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CXLI

THE GIRL DESCRIBES HER PAIN

With sweetest milk and sugar first
I it at my own fingers nursed;
And as it grew, so every day
It wax'd more white and sweet than they—
It had so sweet a breath ! and oft
I blush'd to see its foot more soft
And white, --shall I say,—than my hand ?
Nay, any lady's of the land !

It is a wondrous thing how fleet
'Twas on those little silver feet:
With what a pretty skipping grace
It oft would challenge me the race :-
And when 't had left me far away
'Twould stay, and run again, and stay :
For it was nimbler much than hinds,
And trod as if on the four winds.

I have a garden of my own,
But so with roses overgrown
And lilies, that you would it guess
To be a little wilderness :
And all the spring-time of the year
It only loved to be there.
Among the beds of lilies I
Have sought it oft, where it should lie:
Yet could not, till itself would rise,
Find it, although before mine eyes :-
For in the flaxen lilies' shade
It like a bank of lilies laid,

upon the roses it would feed,
Until its lips e'en seem'd to bleed :
And then to me 'twould boldly trip,
And print those roses on my lip.
But all its chief delight was still
On roses thus itself to fill,
And its pure virgin limbs to fold
In whitest sheets of lilies cold :--
Had it lived long, it would have been
Lilies without-roses within.

.1. J/articil

CXLII

THOUGHTS IN 1 GARDEN

llow vainly men themselves amaze
To win the palm, the oak, or bays,
And their uncessant labours see
Crown'd from some single herb or trec,
Whose short and narrow-vergéd shade
Does prudently their toils upbraid ;
While all the flowers and trees do close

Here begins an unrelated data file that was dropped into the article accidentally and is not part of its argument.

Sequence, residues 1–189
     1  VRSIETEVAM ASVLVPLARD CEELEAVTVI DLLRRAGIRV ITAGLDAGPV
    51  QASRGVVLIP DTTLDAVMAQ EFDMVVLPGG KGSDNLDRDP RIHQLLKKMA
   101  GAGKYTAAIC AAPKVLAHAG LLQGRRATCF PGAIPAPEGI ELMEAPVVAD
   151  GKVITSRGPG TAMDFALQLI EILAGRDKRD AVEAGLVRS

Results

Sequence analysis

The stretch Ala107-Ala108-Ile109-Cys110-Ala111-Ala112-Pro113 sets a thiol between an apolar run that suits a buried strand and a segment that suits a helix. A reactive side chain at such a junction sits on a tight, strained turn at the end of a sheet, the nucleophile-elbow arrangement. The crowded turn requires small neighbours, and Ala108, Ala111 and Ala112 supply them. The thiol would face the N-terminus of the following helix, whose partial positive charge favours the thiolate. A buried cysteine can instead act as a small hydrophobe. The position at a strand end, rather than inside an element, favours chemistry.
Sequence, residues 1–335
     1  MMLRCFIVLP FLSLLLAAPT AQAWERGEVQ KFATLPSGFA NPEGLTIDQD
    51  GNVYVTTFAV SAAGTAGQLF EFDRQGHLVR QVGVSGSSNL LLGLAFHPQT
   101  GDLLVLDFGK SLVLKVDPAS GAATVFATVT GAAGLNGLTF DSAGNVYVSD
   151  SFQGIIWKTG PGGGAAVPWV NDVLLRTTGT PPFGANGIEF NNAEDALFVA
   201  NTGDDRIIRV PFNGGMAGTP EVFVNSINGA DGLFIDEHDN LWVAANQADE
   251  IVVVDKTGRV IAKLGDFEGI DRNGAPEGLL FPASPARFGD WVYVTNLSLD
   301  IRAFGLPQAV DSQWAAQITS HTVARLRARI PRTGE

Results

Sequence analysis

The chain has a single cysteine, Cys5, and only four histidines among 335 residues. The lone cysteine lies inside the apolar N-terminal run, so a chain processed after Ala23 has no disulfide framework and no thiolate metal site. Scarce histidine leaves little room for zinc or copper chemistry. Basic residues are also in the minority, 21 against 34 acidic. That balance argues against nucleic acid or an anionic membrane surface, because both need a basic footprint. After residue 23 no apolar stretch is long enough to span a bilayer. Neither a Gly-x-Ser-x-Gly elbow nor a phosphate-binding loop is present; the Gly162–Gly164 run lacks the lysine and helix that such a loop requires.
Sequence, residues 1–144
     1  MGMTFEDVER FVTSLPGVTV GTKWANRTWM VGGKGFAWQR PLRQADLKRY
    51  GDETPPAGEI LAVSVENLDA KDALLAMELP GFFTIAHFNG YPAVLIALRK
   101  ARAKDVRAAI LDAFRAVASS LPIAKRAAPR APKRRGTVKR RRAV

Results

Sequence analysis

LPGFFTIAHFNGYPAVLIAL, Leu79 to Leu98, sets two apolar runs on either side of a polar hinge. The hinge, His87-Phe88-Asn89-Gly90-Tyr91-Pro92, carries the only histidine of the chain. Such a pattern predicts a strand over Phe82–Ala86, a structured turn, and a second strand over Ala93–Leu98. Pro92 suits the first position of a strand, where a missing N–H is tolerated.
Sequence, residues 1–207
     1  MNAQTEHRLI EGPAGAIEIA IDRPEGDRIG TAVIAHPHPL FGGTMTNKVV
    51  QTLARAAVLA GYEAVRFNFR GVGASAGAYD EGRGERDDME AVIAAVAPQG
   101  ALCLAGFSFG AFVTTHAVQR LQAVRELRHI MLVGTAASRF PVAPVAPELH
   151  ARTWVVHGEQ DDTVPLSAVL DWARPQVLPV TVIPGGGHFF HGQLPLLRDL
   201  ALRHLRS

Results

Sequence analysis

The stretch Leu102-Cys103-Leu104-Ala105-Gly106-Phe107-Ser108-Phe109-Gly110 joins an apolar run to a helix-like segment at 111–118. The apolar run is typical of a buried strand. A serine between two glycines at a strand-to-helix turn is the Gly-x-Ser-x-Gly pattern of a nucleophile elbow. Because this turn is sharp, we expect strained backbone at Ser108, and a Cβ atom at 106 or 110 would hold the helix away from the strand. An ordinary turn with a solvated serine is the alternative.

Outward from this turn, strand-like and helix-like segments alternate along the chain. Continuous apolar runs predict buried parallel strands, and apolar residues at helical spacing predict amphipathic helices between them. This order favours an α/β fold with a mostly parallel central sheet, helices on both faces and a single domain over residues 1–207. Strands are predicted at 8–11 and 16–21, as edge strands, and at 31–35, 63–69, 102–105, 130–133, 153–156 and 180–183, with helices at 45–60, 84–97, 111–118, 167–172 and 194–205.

To weave the garlands of Repose.
Fair Quiet, have I found thee here,
And Innocence thy sister dear!
Mistaken long, I sought you then
In busy companies of men :
Your sacred plants, if here below,
Only among the plants will grow :
Society is all but rude
To this delicious solitude.
No white nor red was ever seen
So amorous as this lovely green.
Fond lovers, cruel as their flame,
Cut in these trees their mistress' name :
Little, alas, they know or heed
Ilow far these beauties hers exceed !
Fair trees! wheres'e'er your barks I wound,
No name shall but your own be found.

When we have run our passions' heat Love hither makes his best retreat : The gods, who mortal beauty chase, Still in a tree did end their race ; Apollo hunted Daphne so Only that she might laurel grow; And Pan did after Syrinx speed Not as a nymph, but for a reed. What wondrous life is this I lead ! Ripe apples drop about my head ; The luscious clusters of the vine Upon my mouth do crush their wine ; The nectarine and curious peach Into my hands themselves do reach ; Stumbling on melons, as I pass, Ensnared with flowers, I fall on grass. Meanwhile the mind from pleasure less Withdraws into its happiness ; The mind, that ocean where each kind Does straight its own resemblance find ; Yet it creates, transcending these, Far other worlds, and other seas; Annihilating all that's made To a green thought in a green shade. llere at the fountain's sliding foot Or at some fruit-tree's mossy root, Casting the body's vest aside My soul into the boughs does glide ; There, like a bird, it sits and sings, Then whets and claps its silver wings, And, till prepared for longer flight, Waves in its plumes the various light. Such was that happy Garden-state While man there walk'd without a mate : After a place so pure and sweet, What other help could yet be meet ! But 'twas beyond a mortal's share To wander solitary there :